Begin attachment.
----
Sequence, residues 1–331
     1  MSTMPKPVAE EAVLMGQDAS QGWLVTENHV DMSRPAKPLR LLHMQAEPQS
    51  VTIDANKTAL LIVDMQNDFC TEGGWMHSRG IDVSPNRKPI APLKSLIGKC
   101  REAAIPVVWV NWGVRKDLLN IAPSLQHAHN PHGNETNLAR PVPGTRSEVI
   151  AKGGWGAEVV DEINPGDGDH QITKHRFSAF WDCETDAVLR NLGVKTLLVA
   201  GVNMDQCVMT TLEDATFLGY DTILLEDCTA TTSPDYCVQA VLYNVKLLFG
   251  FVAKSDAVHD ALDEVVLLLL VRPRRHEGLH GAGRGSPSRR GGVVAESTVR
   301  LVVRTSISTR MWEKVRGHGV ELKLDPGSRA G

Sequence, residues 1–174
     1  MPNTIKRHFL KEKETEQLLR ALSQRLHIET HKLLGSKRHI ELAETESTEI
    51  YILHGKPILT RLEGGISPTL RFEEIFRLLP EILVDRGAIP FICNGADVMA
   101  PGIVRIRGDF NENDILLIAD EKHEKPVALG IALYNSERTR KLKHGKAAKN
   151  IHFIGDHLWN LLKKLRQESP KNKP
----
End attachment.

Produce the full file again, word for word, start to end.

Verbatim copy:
Sequence, residues 1–331
     1  MSTMPKPVAE EAVLMGQDAS QGWLVTENHV DMSRPAKPLR LLHMQAEPQS
    51  VTIDANKTAL LIVDMQNDFC TEGGWMHSRG IDVSPNRKPI APLKSLIGKC
   101  REAAIPVVWV NWGVRKDLLN IAPSLQHAHN PHGNETNLAR PVPGTRSEVI
   151  AKGGWGAEVV DEINPGDGDH QITKHRFSAF WDCETDAVLR NLGVKTLLVA
   201  GVNMDQCVMT TLEDATFLGY DTILLEDCTA TTSPDYCVQA VLYNVKLLFG
   251  FVAKSDAVHD ALDEVVLLLL VRPRRHEGLH GAGRGSPSRR GGVVAESTVR
   301  LVVRTSISTR MWEKVRGHGV ELKLDPGSRA G

Sequence, residues 1–174
     1  MPNTIKRHFL KEKETEQLLR ALSQRLHIET HKLLGSKRHI ELAETESTEI
    51  YILHGKPILT RLEGGISPTL RFEEIFRLLP EILVDRGAIP FICNGADVMA
   101  PGIVRIRGDF NENDILLIAD EKHEKPVALG IALYNSERTR KLKHGKAAKN
   151  IHFIGDHLWN LLKKLRQESP KNKP